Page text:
On the bald prairie just southeast of Regina, hardly anything reaches above the horizon as far as the eye can see save for one major exception: A single wind turbine.
Owned by Cowessess First Nation, the 800 kilowatt turbine is a symbol of achievement for the community. With the turbine’s completion in 2013, Cowessess became the first Canadian First Nation to construct one. Although not located within the Cowessess reserve, approximately 30 kilometres north of Broadview, it is situated on land the reserve owns near Regina.
Jessica Nixon, Project director of economic development for Cowessess, said plans to build the 73 metre high structure began in 2006, when the Saskatchewan Research Council (SRC) pitched the idea of a wind study. SRC told Cowessess that, if the study was successful, a turbine could be built. After a year of data collecting the go-ahead was given.
Aside from the financial benefit, Nixon explained the Cowessess chose to go ahead with the renewable energy project because of philosophical reasons.
“[Renewable energy] aligns with First Nations traditional beliefs in terms of preserving the land and don’t take more than your need,” Nixon said.
She explained the project hit a significant bump in the road at the start.
“While our dreams for utility scale wind were large, so was the price tag. So we started looking at smaller scale opportunities that we could get involved with.”
The turbine and battery storage unit totaled $6,851,000, but Nixon said Cowessess got the federal government on board, who gave them $2,788,000 in funding through their Clean Energy Fund. She noted it took some time to get things in place.
“It was literally two full years of planning in terms of the economics, getting the funding partners on board, and developing the research platform before we actually got some traction.”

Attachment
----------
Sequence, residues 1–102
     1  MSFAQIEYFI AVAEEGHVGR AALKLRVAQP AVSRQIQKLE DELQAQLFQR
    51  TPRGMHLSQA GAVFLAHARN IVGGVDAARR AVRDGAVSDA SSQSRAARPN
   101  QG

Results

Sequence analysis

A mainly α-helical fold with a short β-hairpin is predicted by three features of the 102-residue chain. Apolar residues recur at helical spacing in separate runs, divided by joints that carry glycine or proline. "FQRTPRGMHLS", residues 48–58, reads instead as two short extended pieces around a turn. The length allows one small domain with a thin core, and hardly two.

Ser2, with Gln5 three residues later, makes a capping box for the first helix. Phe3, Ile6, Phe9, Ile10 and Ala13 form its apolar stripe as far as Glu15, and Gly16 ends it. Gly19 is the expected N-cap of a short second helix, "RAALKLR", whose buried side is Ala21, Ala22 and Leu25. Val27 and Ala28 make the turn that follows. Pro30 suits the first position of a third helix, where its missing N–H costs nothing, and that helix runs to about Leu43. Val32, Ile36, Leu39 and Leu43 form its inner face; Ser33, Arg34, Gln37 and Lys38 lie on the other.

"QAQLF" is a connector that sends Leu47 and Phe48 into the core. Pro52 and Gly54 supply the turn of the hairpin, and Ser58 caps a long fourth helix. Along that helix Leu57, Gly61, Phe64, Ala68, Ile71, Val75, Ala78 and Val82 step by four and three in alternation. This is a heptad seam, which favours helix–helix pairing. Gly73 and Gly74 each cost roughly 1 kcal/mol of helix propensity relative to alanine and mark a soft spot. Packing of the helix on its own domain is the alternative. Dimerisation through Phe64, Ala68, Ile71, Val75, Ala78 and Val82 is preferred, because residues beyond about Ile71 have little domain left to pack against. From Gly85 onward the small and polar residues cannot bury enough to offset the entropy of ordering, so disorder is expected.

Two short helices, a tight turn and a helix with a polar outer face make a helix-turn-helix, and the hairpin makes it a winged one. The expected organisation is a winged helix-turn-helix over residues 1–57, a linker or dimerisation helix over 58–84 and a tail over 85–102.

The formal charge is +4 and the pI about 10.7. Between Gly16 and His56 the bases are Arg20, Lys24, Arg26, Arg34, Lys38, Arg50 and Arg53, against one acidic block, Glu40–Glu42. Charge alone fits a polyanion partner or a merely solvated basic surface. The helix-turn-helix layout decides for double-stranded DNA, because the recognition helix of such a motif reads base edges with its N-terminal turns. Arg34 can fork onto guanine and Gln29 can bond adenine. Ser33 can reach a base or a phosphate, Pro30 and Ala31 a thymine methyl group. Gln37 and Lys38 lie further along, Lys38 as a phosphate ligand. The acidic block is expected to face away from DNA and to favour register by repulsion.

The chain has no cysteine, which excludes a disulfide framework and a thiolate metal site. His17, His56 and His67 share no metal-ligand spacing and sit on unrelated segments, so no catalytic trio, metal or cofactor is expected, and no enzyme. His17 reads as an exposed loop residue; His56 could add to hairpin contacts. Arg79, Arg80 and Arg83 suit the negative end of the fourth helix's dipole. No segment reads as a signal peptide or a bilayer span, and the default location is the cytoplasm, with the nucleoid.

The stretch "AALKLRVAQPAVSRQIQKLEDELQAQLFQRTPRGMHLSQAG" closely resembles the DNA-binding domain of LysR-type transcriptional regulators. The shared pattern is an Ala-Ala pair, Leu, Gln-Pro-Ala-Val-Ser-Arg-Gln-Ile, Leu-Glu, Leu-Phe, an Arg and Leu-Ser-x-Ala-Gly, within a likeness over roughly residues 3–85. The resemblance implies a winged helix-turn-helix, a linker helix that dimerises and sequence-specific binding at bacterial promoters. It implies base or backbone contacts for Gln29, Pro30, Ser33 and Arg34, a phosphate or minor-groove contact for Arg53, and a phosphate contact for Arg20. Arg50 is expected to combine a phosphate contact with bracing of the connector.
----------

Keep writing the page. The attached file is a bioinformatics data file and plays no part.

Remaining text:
Cowessess councillor Rook Sparvier remembered when the turbine was the talk of the town for a period of time, with members initially hesitant about the development.
“There was a lot of ‘Can we afford this? Can we do it? Is it possible?’” Sparvier said.
He said now that the project is complete, members are less skeptical.
“They’re pretty excited. They’re starting to believe that a First Nation can do this. We’re the first that’s ever tried it.”
Sparvier said Cowessess could also create a smaller version of the project on the reserve itself, which could lower power and energy bills.
This news was exciting to Cowessess elder Grace Aisaican. Originally from the James Smith First Nation, she thinks a project like Cowessess’ could be used there.
“I wish we had that back home because our power bills are going up . . .,” Aisaican said.
She believes the project will help grow the economy and encourage education.
“It sounds very promising to be able to get employment and encourage the young people to continue school.”
The project will also help Cowessess achieve economic independence, which is one of the main goals the reserve is striving toward.
“By the publicity we get, people know that ‘Yeah they’re ready to do business, they have the capability of moving forward on bigger projects,’” Sparvier said.
But their dreams of renewable energy haven’t stopped at the turbine. Shortly after its completion, the reserve announced plans to build a 200 kilowatt solar panel array, which would further enhance Cowessess’ ways to respect the earth and advance economically. That project began this past summer and wrapped up in October.
Cowesses will also reap financial rewards from this project, according to Nixon, because money earned will go toward paying off the turbine and battery unit. After that, the excess revenue will be used to reinvest in more solar.
“Ultimately our goal is to use the revenue we are generating here to reinvest in a utility scale solar system,” Nixon said.
She mentioned they will also invest directly in their community, with revenue eventually going to social programs for members of Cowessess.
Sparvier hopes other First Nations will take on similar projects, but noted this didn’t all happen overnight. He provided a few points other reserves should keep in mind.
“Patience. Negotiating . . . you just got to keep being persistent that things can be done,” he said.
Sparvier says for Cowessess, the future is looking bright thanks to its investment to help Mother Earth.
“It’s to grow with the amount of land we have. There’s nothing stopping us from growing.”